White matter lesions spatial heterogeneity, links to risk factors, cognition, genetics, and atrophy

Mohamad Habes, Aristeidis Sotiras, Guray Erus, Jon B. Toledo, Deborah Janowitz, David A. Wolk, Haochang Shou, Nick R. Bryan, Jimit Doshi, Henry Völzke, Ulf Schminke, Wolfgang Hoffmann, Susan M. Resnick, Hans J. Grabe, Christos Davatzikos

Research output: Contribution to journalArticlepeer-review

70 Scopus citations


Objectives To investigate spatial heterogeneity of white matter lesions or hyperintensities (WMH). Methods MRI scans of 1,836 participants (median age 52.2 ± 13.16 years) encompassing a wide age range (22-84 years) from the cross-sectional Study of Health in Pomerania (Germany) were included as discovery set identifying spatially distinct components of WMH using a structural covariance approach. Scans of 307 participants (median age 73.8 ± 10.2 years, with 747 observations) from the Baltimore Longitudinal Study of Aging (United States) were included to examine differences in longitudinal progression of these components. The associations of these components with vascular risk factors, cortical atrophy, Alzheimer disease (AD) genetics, and cognition were then investigated using linear regression. Results WMH were found to occur nonuniformly, with higher frequency within spatially heterogeneous patterns encoded by 4 components, which were consistent with common categorizations of deep and periventricular WMH, while further dividing the latter into posterior, frontal, and dorsal components. Temporal trends of the components differed both cross-sectionally and longitudinally. Frontal periventricular WMH were most distinctive as they appeared in the fifth decade of life, whereas the other components appeared later in life during the sixth decade. Furthermore, frontal WMH were associated with systolic blood pressure and with pronounced atrophy including AD-related regions. AD polygenic risk score was associated with the dorsal periventricular component in the elderly. Cognitive decline was associated with the dorsal component. Conclusions These results support the hypothesis that the appearance of WMH follows age and disease-dependent regional distribution patterns, potentially influenced by differential underlying pathophysiologic mechanisms, and possibly with a differential link to vascular and neurodegenerative changes.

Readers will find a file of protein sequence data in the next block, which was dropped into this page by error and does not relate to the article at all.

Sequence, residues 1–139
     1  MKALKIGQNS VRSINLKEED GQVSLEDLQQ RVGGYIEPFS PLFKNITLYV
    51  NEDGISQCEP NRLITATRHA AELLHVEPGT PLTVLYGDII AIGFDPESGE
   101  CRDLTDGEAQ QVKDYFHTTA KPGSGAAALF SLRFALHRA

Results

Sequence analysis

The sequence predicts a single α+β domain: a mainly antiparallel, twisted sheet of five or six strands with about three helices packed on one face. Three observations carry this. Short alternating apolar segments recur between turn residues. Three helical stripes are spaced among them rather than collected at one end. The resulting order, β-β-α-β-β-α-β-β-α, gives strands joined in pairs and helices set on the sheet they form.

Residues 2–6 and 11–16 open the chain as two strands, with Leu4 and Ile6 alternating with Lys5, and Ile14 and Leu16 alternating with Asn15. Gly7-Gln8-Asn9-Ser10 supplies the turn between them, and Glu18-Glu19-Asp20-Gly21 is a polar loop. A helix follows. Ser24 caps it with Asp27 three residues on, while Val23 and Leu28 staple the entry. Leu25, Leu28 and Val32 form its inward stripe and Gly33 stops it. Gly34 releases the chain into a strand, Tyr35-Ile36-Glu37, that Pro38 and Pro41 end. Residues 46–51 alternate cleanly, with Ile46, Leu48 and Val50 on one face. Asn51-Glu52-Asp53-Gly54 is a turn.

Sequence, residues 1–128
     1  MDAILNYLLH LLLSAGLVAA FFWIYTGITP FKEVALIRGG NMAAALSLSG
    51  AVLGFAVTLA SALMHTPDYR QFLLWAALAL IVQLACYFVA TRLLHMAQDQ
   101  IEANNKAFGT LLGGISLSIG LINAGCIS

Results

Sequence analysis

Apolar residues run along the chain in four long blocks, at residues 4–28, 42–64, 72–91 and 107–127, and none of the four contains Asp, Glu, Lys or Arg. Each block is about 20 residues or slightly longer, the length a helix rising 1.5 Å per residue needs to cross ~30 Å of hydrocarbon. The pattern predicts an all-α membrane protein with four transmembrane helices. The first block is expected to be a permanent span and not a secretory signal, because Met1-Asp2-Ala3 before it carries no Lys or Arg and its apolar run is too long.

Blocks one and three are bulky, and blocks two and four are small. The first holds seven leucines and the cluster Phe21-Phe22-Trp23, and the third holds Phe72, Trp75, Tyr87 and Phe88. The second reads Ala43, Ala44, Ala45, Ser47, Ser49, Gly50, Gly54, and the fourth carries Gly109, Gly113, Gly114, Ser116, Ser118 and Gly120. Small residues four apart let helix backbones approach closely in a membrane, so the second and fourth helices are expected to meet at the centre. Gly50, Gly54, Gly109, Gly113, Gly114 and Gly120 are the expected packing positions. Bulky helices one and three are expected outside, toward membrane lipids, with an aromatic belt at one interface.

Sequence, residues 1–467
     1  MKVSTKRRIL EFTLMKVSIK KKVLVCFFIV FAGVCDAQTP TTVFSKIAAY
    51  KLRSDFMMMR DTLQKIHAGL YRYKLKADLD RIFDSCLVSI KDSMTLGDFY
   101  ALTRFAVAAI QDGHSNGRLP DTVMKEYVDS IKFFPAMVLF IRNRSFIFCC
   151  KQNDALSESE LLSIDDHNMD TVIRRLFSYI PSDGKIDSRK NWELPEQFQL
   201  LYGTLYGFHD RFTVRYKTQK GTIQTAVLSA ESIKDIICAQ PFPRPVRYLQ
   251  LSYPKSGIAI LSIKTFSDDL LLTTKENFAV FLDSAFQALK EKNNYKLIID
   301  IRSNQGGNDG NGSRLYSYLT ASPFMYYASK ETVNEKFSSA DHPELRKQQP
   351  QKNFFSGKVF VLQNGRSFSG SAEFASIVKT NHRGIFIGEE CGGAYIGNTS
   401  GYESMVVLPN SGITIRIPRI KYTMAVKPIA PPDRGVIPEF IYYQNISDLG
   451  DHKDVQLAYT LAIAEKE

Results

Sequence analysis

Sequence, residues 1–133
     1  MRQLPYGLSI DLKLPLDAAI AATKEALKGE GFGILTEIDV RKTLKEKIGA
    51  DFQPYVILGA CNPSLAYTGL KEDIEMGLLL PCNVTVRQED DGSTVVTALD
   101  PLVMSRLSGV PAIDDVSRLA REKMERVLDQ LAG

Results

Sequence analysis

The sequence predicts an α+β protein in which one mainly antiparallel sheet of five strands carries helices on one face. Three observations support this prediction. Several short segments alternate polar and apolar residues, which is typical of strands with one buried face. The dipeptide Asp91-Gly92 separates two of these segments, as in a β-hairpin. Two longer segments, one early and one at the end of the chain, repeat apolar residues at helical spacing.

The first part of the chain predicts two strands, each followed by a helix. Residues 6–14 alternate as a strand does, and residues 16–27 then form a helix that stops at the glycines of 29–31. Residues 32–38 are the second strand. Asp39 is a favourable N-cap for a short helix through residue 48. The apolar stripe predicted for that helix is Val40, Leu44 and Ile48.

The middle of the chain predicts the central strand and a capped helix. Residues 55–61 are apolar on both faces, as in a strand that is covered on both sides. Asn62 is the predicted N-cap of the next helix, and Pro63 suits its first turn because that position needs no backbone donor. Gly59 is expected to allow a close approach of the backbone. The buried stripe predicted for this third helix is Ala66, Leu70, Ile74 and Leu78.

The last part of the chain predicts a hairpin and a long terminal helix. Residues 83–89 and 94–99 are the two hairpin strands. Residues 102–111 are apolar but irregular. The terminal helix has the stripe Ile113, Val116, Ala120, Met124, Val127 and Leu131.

Original languageEnglish (US)
Pages (from-to)E964-E975
Issue number10
StatePublished - Sep 4 2018
Externally publishedYes

ASJC Scopus subject areas

  • Clinical Neurology


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